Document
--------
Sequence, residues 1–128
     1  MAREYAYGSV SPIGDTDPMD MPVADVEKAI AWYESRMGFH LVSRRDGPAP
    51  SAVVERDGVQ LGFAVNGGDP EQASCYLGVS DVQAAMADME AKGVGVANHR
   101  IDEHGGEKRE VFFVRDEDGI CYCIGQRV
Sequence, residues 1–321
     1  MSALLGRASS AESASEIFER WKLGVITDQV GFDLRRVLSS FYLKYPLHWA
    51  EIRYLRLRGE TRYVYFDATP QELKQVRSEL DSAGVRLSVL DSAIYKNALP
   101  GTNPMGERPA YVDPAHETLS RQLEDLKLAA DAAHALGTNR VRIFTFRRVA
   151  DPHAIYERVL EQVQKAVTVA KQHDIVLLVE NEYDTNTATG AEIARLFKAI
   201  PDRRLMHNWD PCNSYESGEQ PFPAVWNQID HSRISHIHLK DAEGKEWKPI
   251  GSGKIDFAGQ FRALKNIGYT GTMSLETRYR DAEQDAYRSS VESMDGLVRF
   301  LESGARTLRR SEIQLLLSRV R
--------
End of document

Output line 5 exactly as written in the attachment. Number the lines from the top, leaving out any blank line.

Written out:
Sequence, residues 1–321